Hibs recruit Ryan Gauld on his struggles with '˜Mini Messi' hype

There was so much hype as Ryan Gauld burst on to the Scottish football scene and when he swapped Tannadice for Sporting Lisbon in a '¨Â£3 million, six-year deal, pundits saw it as a significant step for the teenage starlet who '¨had already been christened Mini Messi.

Ryan Gauld is expected to make his Hibs debut in Saturday's Scottish Cup tie against Elgin. Picture: Bruce White/SNS
Ryan Gauld is expected to make his Hibs debut in Saturday's Scottish Cup tie against Elgin. Picture: Bruce White/SNS

But after a promising start, a change of manager and several loan spells saw the creative midfielder step into the shadows. But buoyed by the lessons learned, he has returned to the SPFL with some catching up to do and hoping for some eye-catching performances to catapult him back into the national consciousness and into the thoughts of the national boss.

Former Dundee United team-mates and friends, like Andy Robertson, Stuart Armstrong and John Souttar, have already made the Scotland breakthrough and while the task of emulating them is not foremost in his mind, the 23-year-old who earned a call up in 2014 but has been overlooked since, revealed it did play a role in him joining Hibernian in a loan deal until the end of the season.

“I felt like my profile had gone down a bit in the last couple of years,” said Gauld. “But that’s something that 
the Scottish Premiership can give you. If you look at the last couple of Scotland squads, there has been a lot of guys from the SPFL in the squad. I’m not giving too much thought to it just now. My main thoughts are on getting my head down, working hard, playing. But, if the opportunity did come back along, I would be really grateful.”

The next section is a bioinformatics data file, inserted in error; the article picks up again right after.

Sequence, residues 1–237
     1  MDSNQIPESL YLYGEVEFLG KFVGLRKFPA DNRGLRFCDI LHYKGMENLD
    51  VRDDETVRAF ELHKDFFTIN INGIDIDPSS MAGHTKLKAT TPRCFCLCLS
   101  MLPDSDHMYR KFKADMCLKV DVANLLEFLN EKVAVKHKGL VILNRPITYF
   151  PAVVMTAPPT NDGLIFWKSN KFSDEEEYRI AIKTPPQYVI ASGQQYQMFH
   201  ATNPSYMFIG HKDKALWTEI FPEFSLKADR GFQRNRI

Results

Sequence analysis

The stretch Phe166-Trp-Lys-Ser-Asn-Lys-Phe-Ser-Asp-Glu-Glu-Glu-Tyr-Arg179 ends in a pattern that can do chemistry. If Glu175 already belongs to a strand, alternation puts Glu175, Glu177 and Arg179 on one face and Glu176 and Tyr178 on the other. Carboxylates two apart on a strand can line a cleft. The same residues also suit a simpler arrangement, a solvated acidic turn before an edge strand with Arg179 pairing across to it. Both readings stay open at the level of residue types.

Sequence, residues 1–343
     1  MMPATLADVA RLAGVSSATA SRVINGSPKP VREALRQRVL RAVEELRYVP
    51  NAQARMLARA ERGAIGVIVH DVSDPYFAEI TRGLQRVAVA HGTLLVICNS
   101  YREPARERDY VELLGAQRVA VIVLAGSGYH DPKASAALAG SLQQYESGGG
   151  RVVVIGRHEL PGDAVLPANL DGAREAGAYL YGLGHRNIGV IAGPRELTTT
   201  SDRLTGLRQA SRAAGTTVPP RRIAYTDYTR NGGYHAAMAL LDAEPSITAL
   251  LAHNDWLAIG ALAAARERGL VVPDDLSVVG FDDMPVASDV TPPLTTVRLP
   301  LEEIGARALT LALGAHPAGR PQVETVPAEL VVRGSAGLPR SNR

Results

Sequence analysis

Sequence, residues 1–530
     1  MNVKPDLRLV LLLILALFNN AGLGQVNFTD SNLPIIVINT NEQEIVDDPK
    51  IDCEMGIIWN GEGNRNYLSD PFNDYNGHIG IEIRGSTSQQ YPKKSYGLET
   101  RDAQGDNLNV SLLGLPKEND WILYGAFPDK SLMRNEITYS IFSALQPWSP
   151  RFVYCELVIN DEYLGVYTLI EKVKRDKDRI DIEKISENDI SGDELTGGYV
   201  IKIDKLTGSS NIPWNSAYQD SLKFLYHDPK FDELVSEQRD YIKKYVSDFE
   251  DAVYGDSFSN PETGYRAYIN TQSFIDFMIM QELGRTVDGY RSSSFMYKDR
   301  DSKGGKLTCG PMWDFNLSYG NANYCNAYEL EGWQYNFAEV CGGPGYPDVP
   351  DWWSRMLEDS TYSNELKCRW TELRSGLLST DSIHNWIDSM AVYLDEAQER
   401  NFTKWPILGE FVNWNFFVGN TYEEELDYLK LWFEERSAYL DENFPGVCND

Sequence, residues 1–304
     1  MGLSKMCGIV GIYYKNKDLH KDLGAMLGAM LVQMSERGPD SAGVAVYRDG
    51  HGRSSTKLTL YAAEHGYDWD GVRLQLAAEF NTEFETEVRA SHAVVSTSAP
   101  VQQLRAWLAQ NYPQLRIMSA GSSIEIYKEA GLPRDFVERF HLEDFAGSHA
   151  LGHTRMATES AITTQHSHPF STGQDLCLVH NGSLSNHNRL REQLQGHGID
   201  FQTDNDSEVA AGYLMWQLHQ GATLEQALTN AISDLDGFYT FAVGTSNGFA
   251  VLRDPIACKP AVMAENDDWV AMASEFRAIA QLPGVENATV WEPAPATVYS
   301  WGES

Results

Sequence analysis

Having departed these shores in 2014 in a deal that included a £50m buyout clause and emphasised the promise he possessed, he admits he had difficulty dealing with the early hype but accepting that there will be a residual degree of expectation, he says he is determined to put that to the back of his mind and help Hibs move up the league table and the latter stages of the Scottish Cup.

“It’s still there. It was made difficult from day one. When I would go out for a coffee, sitting in a shopping centre, nobody would even know my name – but they’d be saying: ‘Mini Messi, Mini Messi …’ That kind of stuff isn’t nice. I didn’t enjoy it.

“I had a sharp rise because of a good young team at United,
then signing for Sporting. And that brought huge expectations. But I knew it wasn’t going to be quite the way everyone expected. I kept my feet on the ground and worked as hard as possible, to hopefully provide myself with the best career possible.

“I’ve seen quite a few Hibs games this season and they’ve been playing well, just not getting the points they deserve. But hopefully I can help to 
provide a bit of creativity and push Hibs up the league.”

The initial goal is to help the Leith side, whose two-month chase to sign him up has bolstered his confidence, through today’s tie against League Two Elgin City and into the next round of the Scottish Cup.

But recent experience has taught him not to underestimate any opposition. On loan to Desportivo Aves last season, he helped them win the Portuguese Cup but he says they almost came unstuck against a side from a lower tier.

“[Winning the cup] was a great experience. There were a couple of games where no one gave us a chance and there was one game as well when we were 3-1 down with two minutes left and we managed to draw and take it to extra-time and then win on pens. I scored the first pen. Then in the semi finals we were playing a third division team and everyone expected us to walk all over them but it went to extra-time in the second leg before we managed to score two goals.

“It is such a huge game for lower league teams if they are playing a Premiership team. They are going to give it everything so we need to do the same. We need to be as physical as them, as hard working and we need to treat it like we would a regular league game.”